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72% of all mobile malware is adware - report
Wed, 18th Mar 2020
FYI, this story is more than a year old

Adware accounts for the vast majority of Android mobile malware, according to statistics released today from Avast.

Mobile adware, or software that hijacks a device in order to spam the user with unwanted ads, accounts for 72% of all mobile malware, the statistics reveal.

The remaining 28% consisted of banking trojans, fake apps, lockers and downloaders, says Avast.

The report also reveals that adware is a rising problem, with its share among all Android malware types having increased by 38% in the past year alone.

Adware usually masquerades as gaming or entertainment apps as they tend to be more popular and therefore have greater potential to spread.

To the average app downloader, the apps may seem harmless, but once they've infected a device they will surreptitiously click on ads in the background. Sometimes, adware also serves ads with malicious content.

Avast outlines two types of adware that are in use today: adware apps, which cause distraction and annoyance; and ad-fraud/ad-clickers, a more malicious type of adware.

Adware apps

These are often gaming, photo or other lifestyle applications that appear benign after installation, but once opened, start spamming the user with ads.

Occasionally this form of adware will start spamming the user with ads outside the application, making it difficult for the user to pinpoint where the ads are coming from.


This happens when downloaded apps run stealthy activities without the user's knowledge. These apps could download an encrypted [.dex] files in the background of a device, and decrypt it to perform actions such as clicking on ads without the user's knowledge, enabling cybercriminals to make money from advertisers.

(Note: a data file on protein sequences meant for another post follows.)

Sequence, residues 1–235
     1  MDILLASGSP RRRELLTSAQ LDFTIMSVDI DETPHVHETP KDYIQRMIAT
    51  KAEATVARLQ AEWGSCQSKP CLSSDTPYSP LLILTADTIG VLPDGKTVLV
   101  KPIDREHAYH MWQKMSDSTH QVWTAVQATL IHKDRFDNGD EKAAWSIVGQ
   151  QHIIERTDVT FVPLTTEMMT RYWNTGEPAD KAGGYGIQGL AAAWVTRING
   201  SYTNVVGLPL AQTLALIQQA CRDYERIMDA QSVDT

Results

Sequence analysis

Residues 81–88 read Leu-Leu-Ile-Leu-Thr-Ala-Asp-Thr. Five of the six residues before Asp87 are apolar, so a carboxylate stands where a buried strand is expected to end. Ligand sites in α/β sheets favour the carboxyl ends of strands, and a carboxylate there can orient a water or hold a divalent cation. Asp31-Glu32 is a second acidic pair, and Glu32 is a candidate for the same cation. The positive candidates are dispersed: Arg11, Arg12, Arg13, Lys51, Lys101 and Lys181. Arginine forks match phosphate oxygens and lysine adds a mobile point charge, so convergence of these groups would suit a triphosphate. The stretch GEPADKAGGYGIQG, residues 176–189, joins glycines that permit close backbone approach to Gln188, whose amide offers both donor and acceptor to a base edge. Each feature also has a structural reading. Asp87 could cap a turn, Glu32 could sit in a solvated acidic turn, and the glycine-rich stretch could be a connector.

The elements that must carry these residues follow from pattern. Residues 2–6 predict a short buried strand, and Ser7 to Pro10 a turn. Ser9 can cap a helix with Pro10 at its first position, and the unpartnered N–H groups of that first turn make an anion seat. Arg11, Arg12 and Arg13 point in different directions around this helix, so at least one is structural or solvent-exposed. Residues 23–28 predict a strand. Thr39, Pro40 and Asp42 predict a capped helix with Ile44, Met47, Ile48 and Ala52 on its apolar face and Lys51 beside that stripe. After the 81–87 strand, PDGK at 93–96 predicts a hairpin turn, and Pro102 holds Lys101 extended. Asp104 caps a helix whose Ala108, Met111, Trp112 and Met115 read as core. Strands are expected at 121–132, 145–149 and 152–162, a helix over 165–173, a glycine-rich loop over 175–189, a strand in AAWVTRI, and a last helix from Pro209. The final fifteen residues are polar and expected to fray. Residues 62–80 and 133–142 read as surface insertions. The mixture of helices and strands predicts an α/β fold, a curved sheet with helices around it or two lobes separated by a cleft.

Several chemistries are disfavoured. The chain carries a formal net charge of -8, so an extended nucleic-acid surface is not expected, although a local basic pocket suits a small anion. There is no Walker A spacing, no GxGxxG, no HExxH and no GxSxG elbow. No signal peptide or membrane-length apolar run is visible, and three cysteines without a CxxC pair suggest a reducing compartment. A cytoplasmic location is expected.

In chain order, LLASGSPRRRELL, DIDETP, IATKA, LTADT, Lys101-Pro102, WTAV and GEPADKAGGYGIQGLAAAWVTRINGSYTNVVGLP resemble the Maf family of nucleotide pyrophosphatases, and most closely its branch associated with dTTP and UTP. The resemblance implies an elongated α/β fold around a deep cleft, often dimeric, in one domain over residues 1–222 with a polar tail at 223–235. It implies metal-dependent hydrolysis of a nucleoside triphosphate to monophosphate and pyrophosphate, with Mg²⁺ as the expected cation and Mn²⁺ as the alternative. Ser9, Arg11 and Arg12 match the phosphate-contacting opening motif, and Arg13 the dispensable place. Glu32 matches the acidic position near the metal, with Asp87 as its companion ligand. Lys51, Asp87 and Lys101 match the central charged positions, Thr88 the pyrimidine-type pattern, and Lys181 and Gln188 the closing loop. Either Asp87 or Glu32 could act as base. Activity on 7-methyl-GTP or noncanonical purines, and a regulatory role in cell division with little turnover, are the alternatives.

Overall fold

“No one likes getting served with incessant ads; they're often unwanted and can ruin our enjoyment of an app,” says Avast head of mobile threat intelligence - security Nikolaos Chrysaidos.

“They could also pose a threat to users as cybercriminals can use them as a backdoor to a device – whether it's to make money from advertisers or steal your personal information.

“We've been tracking this issue for a number of years and the increased use of mobile devices is likely fuelling its growth.

Tips for preventing adware attacks
  • Only download apps from official app stores, like Google Play, as they have security measures in place to check apps before developers upload them, or from the app's website directly for extra assurance
  • Check app ratings of other users in the store, as it's still important to watch out for fakes. If an app has few stars and many negative comments, something might be amiss
  • Carefully review the permissions an app requests before downloading an app; if an app requests access to data that it doesn't need in order to function, it might be fraudulent
  • Check your banking and credit card statements to identify any unauthorized payments. Cybercriminals will select low-cost subscriptions so they're hard to spot
  • Use an antivirus solution on your phone to identify and stop any attempted attacks.